The Communications Decency Act of 1996, Section 230, mentioned in Todd's
email, is the subject of a recent lawsuit:


On Mon, Dec 19, 2016 at 11:37 PM, Todd Allen <> wrote:

> What you posted there regards contract terms between the artist and
> Youtube. That's between them to fight out. If they don't like Youtube's
> terms, they can take their stuff elsewhere.
> DMCA safe harbor has nothing to do with contracts. It means that, if you
> run an interactive web site (essentially, anything where users are allowed
> to post stuff), you can't be held liable if one of your users posts
> copyrighted material. The user still can be, but you, as the site operator,
> cannot.
> In exchange, you must provide a way that a copyright holder can contact
> you, using a standard method, and tell you that they've found material that
> infringes their copyright. You must then take that material down (within a
> certain period, I think ten days) and provide notice to the user that
> you've done so. The user can then either file a "counter notice" if they
> believe the material is not infringing, which you'd send back to the
> copyright holder if they choose to do so, or drop it, in which case the
> material stays gone. If a counter notice is filed, the copyright holder can
> at that time either take the matter up in court directly with the user, or
> drop it. If they don't file in court after a counter notice, you can
> automatically reinstate the material after a certain period of time. If the
> DMCA notice was malicious or fraudulent, the safe harbor provision also
> establishes liability against the person or entity who filed it. But as
> long as you file those procedures, you, as the site operator, are immune
> from liability for either the material being present to start with or for
> it being taken down.
> Without that protection, no one in their right mind would operate an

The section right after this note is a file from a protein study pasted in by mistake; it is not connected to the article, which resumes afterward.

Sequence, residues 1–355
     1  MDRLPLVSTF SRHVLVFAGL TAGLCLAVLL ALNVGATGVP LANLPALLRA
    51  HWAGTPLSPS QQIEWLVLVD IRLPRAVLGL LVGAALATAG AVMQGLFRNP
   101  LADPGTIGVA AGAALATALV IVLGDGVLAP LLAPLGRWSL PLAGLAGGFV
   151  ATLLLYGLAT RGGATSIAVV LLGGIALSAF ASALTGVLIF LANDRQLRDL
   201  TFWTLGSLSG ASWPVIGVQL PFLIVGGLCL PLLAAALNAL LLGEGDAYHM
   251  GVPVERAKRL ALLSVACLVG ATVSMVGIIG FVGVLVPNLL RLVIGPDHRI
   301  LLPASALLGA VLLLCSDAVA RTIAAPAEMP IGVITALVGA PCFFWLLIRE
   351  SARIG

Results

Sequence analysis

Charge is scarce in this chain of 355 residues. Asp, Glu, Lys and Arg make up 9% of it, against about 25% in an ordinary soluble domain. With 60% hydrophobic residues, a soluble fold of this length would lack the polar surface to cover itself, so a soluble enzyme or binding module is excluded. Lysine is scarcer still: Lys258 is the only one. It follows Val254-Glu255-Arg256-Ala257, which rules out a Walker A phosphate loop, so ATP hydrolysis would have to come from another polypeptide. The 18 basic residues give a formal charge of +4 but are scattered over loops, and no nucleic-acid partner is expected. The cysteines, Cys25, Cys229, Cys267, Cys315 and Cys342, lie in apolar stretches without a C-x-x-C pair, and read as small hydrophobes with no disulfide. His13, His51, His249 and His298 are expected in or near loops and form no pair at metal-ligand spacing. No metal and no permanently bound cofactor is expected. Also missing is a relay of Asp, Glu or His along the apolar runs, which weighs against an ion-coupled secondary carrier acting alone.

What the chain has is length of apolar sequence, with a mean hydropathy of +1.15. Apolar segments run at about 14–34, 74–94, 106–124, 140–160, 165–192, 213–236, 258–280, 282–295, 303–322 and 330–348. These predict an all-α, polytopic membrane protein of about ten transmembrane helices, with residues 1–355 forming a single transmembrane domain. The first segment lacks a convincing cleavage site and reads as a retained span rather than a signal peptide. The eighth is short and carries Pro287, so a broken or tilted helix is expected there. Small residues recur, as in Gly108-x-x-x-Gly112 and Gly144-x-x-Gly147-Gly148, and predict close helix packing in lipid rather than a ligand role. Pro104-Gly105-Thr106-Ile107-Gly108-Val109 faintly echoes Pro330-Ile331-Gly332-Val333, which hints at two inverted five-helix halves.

> interactive web site, at least not in the US. It protects everything from
> classic car hobbyist forums operated by a few people at their own cost, to
> sites like Youtube and Facebook. None of those would be possible without
> it. Or, at the very least, they would have to be operated from countries
> which are, shall we say, much more lax on copyright enforcement. That's bad
> for everyone, including the copyright holders--they no longer would have an
> effective method of getting infringements taken down.
> Since Wikimedia is DMCA-compliant, that means that, say, AP or Getty can't
> sue Wikimedia if a user uploads a bunch of their images to Commons. They
> would have to find and sue that user. And of course, they could file DMCA
> requests to have their stuff removed. But since WMF is much easier to find
> and has much deeper pockets, if they had the option of suing WMF, I
> guarantee you that they would. The only thing that stops them from that is
> safe harbor.
> That, and Section 230 of the CDA (which excludes liability from site
> operators for other types of illegal conduct like threats) are, without
> exaggeration, the very reason that interactive web services can exist at
> all. Without those, you'd be accepting liability for anything a user of
> your site might choose to do. You'd have to be insane to do that.
> Todd
> On Mon, Dec 19, 2016 at 1:36 PM, Lilburne <>
> wrote:
> > On 19/12/2016 16:45, David Gerard wrote:
> >
> >> For various reasons * I follow music industry news. One drum the record
> >> industry has been beating *hard* in the past year is attempts to reduce
> >> the
> >> DMCA "safe harbor" provisions in order to squeeze more money from
> YouTube.
> >> It's been a running theme through 2016.
> >>
> >>
> > Oh dear! If this gets traction poor little Google, won't be able to run
> > their protection racket any longer. It is so worrying that a little
> cellist
> > might bring a $400 billion company to its knees.
> >
> >
> > ng-youtube-google-music
> >
> >
> >
> >
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